author = "{HIV Research Network} and Canan, {Chelsea E.} and Geetanjali Chander and Monroe, {Anne K.} and Gebo, {Kelly A.} and Moore, {Richard D.} and Agwu, {Allison L.} and Alexander, {G. Caleb} and Bryan Lau and Howard Edelstein and Richard Rutstein and Amy Baranoski and Sara Allen and Stephen Boswell and Robert Beil and Uriel Felsen and Judith Aberg and Antonio Urbina and Korthuis, {P. Todd} and Nijhawan, {Ank E} and Muhammad Akbar and Aditya Gaur and Charurut Somboonwit and William Valenti and Mathews, {W. Christopher} and Fred Hellinger and John Fleishman and Irene Fraser and Robert Mills and Faye Malitz and Jeanne Keruly and Cindy Voss and Charles Collins and Rebeca Diaz-Reyes",
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T1 - High-risk prescription opioid use among people living with HIV

AU - HIV Research Network

AU - Canan, Chelsea E.

AU - Chander, Geetanjali

AU - Monroe, Anne K.

AU - Gebo, Kelly A.

AU - Moore, Richard D.

AU - Agwu, Allison L.

AU - Alexander, G. Caleb

AU - Lau, Bryan

AU - Edelstein, Howard

AU - Rutstein, Richard

AU - Baranoski, Amy

AU - Allen, Sara

AU - Boswell, Stephen

AU - Beil, Robert

AU - Felsen, Uriel

AU - Aberg, Judith

AU - Urbina, Antonio

AU - Korthuis, P. Todd

AU - Nijhawan, Ank E

AU - Akbar, Muhammad

AU - Gaur, Aditya

AU - Somboonwit, Charurut

AU - Valenti, William

AU - Mathews, W. Christopher

AU - Hellinger, Fred

AU - Fleishman, John

AU - Fraser, Irene

AU - Mills, Robert

AU - Malitz, Faye

AU - Keruly, Jeanne

AU - Voss, Cindy

AU - Collins, Charles

AU - Diaz-Reyes, Rebeca

PY - 2018/1/1

Y1 - 2018/1/1

N2 - Background: Prescription opioid use is greater among people living with HIV (PLWH), yet little is known about the prevalence of specific types of high-risk use among these individuals. Setting: We analyzed clinical and demographic data from the HIV Research Network and prescribing data from Medicaid for noncancer patients seeking HIV treatment at 4 urban clinics between 2006 and 2010. Methods: HIV Research Network patients were included in the analytic sample if they received at least one incident opioid prescription. We examined 4 measures of high-risk opioid use: (1) high daily dosage; (2) early refills; (3) overlapping prescriptions; and (4) multiple prescribers. Results: Of 4605 eligible PLWH, 1814 (39.4%) received at least one incident opioid prescription during follow-up. The sample was 61% men and 62% African American with a median age of 44.5 years. High-risk opioid use occurred among 30% of incident opioid users (high daily dosage: 7.9%; early refills: 15.9%; overlapping prescriptions: 16.4%; and multiple prescribers: 19.7%). About half of the cumulative incidence of high-risk use occurred within 1 year of receiving an opioid prescription. After adjusting for study site, high-risk opioid use was greater among patients with injection drug use as an HIV risk factor [adjusted hazard ratio (aHR) = 1.39, 95% confidence interval: 1.11 to 1.74], non-Hispanic whites [aHR = 1.61, (1.21 to 2.14)], patients age 35–45 [aHR = 1.94, (1.33 to 2.80)] and 45–55 [aHR = 1.84, (1.27 to 2.67)], and patients with a diagnosis of chronic pain [aHR = 1.32, (1.03 to 1.70)]. Conclusions: A large proportion of PLWH received opioid prescriptions, and among these opioid recipients, high-risk opioid use was common. High-risk use patterns often occurred within the first year, suggesting this is a critical time for intervention.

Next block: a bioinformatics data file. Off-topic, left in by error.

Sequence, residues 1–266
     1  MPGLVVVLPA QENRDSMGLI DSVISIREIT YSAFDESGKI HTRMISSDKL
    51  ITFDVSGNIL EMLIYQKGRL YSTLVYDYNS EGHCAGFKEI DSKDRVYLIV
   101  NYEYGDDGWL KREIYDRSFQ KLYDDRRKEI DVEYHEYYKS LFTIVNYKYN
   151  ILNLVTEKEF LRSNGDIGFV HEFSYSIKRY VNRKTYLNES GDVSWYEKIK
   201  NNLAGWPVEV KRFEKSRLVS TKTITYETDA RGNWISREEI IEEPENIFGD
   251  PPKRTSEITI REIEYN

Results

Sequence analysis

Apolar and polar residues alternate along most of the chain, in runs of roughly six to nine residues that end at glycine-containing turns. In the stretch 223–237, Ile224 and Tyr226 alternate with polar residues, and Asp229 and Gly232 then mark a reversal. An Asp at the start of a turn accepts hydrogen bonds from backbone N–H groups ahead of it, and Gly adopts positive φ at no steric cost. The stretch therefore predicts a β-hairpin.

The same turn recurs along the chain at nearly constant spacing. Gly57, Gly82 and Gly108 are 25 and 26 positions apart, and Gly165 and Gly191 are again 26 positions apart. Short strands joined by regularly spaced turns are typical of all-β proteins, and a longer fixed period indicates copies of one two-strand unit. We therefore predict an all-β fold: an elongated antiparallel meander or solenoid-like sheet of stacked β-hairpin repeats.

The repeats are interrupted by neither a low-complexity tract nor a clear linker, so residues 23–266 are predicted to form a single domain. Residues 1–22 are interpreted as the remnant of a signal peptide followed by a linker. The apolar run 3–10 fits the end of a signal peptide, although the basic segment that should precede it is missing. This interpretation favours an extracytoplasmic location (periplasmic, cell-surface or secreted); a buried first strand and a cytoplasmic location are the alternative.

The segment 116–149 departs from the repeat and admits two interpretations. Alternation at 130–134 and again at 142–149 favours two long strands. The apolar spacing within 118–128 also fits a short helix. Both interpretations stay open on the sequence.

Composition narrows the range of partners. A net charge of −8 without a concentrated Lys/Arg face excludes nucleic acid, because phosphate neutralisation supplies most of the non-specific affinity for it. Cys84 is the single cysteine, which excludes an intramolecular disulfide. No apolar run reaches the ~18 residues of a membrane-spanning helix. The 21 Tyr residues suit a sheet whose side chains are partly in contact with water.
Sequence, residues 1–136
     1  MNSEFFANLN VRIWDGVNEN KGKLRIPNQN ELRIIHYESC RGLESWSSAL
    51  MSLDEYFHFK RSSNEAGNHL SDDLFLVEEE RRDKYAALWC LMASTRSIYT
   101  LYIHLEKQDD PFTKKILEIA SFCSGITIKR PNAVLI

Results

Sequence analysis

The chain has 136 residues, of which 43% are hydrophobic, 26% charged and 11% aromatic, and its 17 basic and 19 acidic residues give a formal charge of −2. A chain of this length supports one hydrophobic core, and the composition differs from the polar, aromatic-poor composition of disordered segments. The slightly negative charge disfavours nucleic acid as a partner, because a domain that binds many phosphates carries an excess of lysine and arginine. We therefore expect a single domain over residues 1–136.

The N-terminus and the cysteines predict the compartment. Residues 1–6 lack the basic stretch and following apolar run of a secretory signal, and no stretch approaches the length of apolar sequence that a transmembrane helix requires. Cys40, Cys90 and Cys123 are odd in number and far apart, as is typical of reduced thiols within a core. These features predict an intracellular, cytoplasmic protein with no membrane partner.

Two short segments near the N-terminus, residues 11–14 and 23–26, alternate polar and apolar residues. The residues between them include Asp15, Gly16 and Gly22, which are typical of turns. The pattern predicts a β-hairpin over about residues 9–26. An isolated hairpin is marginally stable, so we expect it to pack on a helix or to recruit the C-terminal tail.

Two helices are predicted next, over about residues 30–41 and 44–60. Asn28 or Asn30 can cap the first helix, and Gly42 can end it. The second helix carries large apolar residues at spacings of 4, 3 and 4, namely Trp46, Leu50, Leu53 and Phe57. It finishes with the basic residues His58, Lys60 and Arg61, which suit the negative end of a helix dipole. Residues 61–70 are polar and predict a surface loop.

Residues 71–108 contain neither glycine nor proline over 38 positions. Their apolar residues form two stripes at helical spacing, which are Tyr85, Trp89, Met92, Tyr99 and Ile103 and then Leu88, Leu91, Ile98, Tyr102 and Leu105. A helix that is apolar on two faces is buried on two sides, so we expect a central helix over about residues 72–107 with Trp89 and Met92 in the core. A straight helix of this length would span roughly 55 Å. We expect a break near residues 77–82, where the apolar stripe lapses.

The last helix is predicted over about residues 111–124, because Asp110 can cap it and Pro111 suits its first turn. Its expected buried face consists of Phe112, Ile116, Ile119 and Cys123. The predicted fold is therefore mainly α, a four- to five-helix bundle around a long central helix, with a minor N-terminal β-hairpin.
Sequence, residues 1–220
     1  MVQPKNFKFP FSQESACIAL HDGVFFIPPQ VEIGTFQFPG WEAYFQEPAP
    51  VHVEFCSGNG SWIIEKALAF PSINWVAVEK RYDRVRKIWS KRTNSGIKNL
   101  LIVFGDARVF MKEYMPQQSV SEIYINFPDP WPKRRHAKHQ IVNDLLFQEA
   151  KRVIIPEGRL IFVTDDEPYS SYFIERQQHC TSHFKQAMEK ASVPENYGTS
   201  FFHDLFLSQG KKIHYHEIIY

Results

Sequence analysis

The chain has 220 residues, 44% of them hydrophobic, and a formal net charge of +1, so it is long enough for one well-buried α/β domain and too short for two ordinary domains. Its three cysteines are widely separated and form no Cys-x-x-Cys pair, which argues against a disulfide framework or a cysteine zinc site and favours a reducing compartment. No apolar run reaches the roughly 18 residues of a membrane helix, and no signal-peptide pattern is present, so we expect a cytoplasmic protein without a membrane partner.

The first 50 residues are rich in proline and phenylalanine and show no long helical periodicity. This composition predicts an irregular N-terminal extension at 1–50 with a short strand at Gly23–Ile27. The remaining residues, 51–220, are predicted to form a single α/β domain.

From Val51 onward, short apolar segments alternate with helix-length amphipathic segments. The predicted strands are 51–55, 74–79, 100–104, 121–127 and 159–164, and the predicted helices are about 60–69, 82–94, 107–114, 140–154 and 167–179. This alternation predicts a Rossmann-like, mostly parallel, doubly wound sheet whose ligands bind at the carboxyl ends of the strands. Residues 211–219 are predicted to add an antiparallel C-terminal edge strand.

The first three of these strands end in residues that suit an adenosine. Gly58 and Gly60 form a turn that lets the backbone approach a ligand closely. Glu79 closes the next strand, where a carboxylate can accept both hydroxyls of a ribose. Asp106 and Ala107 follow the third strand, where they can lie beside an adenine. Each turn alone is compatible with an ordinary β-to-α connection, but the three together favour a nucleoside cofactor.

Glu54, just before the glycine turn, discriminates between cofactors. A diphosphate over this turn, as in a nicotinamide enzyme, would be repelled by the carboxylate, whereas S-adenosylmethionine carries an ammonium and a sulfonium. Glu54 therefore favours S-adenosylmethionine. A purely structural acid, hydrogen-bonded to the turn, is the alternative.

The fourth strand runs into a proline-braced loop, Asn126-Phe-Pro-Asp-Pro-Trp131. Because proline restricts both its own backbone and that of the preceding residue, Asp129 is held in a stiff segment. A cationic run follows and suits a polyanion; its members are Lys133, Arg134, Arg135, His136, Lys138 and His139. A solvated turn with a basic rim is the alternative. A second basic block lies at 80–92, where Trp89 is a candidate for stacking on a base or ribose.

AB - Background: Prescription opioid use is greater among people living with HIV (PLWH), yet little is known about the prevalence of specific types of high-risk use among these individuals. Setting: We analyzed clinical and demographic data from the HIV Research Network and prescribing data from Medicaid for noncancer patients seeking HIV treatment at 4 urban clinics between 2006 and 2010. Methods: HIV Research Network patients were included in the analytic sample if they received at least one incident opioid prescription. We examined 4 measures of high-risk opioid use: (1) high daily dosage; (2) early refills; (3) overlapping prescriptions; and (4) multiple prescribers. Results: Of 4605 eligible PLWH, 1814 (39.4%) received at least one incident opioid prescription during follow-up. The sample was 61% men and 62% African American with a median age of 44.5 years. High-risk opioid use occurred among 30% of incident opioid users (high daily dosage: 7.9%; early refills: 15.9%; overlapping prescriptions: 16.4%; and multiple prescribers: 19.7%). About half of the cumulative incidence of high-risk use occurred within 1 year of receiving an opioid prescription. After adjusting for study site, high-risk opioid use was greater among patients with injection drug use as an HIV risk factor [adjusted hazard ratio (aHR) = 1.39, 95% confidence interval: 1.11 to 1.74], non-Hispanic whites [aHR = 1.61, (1.21 to 2.14)], patients age 35–45 [aHR = 1.94, (1.33 to 2.80)] and 45–55 [aHR = 1.84, (1.27 to 2.67)], and patients with a diagnosis of chronic pain [aHR = 1.32, (1.03 to 1.70)]. Conclusions: A large proportion of PLWH received opioid prescriptions, and among these opioid recipients, high-risk opioid use was common. High-risk use patterns often occurred within the first year, suggesting this is a critical time for intervention.

KW - HIV

KW - Medicaid

KW - Opioid misuse

KW - Prescription opioids